A somewhat apologetic note to the reader: the following is an experiment on my part; what little poetry I’ve published here has been rather different. Written deep in the night in a bit of a blur with all the perhaps too obvious (or not) echos and influences whirling about in my head, and polished up in the morning, which is how these things usually come to be, I suppose. Enjoy.

________

When you sleep into the dream world, you might—might—see me. Spit three times in your left
Hand—or is it the right one?—and make sure. Abjure.
Wake it up, lit. Take your heart’s writ, tear, and sprinkle
The bits of the words on the tip of your tongue, encausticate them. Honey’s a fix, sure, but
Some wounds, they only take their mirrored selves—a lesson?
Others, warm milk and honey, perhaps. The bees, they know, ask ‘em, but take mind,
They’re liable to sting, even, perhaps, in a dream. Or not.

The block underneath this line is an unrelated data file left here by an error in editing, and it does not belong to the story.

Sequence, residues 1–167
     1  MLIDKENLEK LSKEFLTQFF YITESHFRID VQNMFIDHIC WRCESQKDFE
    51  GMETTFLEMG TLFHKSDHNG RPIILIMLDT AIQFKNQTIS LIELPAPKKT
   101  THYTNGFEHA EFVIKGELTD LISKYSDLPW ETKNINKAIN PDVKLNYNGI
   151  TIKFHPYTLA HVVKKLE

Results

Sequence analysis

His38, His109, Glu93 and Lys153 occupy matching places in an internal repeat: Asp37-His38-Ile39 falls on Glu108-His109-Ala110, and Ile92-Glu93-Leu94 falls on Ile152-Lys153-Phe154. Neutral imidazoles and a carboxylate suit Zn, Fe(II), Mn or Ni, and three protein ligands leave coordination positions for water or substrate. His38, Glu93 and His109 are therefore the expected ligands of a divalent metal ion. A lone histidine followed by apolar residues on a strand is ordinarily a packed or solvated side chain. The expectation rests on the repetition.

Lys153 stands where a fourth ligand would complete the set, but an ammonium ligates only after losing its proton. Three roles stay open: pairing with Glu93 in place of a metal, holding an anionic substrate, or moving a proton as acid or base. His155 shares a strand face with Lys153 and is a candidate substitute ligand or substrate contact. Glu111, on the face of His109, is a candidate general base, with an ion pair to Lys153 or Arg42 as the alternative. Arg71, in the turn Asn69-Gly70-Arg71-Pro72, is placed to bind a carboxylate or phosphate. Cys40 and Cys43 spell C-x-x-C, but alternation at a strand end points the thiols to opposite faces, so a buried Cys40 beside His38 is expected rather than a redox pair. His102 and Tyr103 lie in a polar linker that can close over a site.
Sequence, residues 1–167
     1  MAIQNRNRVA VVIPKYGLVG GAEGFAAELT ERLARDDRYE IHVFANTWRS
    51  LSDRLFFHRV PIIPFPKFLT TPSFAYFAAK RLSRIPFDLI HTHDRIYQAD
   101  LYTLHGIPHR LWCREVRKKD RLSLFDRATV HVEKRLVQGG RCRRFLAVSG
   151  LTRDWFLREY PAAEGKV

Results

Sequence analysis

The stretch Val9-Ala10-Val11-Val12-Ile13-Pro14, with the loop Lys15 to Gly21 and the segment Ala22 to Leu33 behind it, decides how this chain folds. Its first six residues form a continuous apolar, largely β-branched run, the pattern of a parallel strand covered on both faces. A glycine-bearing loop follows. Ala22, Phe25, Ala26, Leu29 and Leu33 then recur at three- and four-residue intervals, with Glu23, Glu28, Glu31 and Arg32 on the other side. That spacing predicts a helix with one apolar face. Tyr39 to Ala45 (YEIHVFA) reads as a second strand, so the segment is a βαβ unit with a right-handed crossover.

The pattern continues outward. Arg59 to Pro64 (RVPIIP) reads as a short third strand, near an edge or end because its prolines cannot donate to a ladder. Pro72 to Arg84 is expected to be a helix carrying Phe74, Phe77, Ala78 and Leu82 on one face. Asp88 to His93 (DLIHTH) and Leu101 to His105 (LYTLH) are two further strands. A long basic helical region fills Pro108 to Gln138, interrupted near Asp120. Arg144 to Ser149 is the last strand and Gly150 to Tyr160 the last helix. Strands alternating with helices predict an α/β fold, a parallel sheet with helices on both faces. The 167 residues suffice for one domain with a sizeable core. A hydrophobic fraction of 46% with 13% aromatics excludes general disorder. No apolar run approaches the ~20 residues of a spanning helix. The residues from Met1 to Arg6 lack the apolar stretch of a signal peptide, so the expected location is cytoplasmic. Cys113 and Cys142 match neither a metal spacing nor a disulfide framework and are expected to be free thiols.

If you wake up, and you’re already smiling, take it as a token,
A very good sign. Not the sort that leaves you flat-backed and singed—not that good.
St. Patrick’s Purgatory, the wet stones traprock, blink and you’ll miss them, the good folk there—
Well, he said. Some days sure it don’t rain. Though this damp don’t help your cold none, son.
Cut and burn, your labors pass. Wind on the weary uplands, up and out.
What you saw, anyway, was me in the stars, swinging the scythe, harvesting
Sounds and portents. Now we’re away on the far ends, the utmost limit,
And a scraggly juniper tree at the start of old field succession, digging roots
Into the old star stuff, left alone. The heavens. Man, it’s deep, deep I say.
Straight from that hunkered down isle within an isle, to that bower, I took, mad Sweeney beside,
And sheared all day, found rest under that tree. Sweeney flew on. Now, stick around, we’ll
See all that, and see what we see, so. Prop your eyes open, sleep, and dream.

The below brief text is excerpted from a short Ottoman Turkish manual of Sufism by Mahmut Hüdayı, an important shaykh, and indeed early organizer, of the Celvetiyye ṭarīqa, the adherents of which mostly lived in the Anatolian and Rumelian parts of the Ottoman domains. Much of Mahmut Hüdayı’s output was in Arabic, but a substantial number were in Ottoman Turkish- not quite a colloquial register, but more likely to be read and understood by a wider number of people in Anatolia and Rumelia.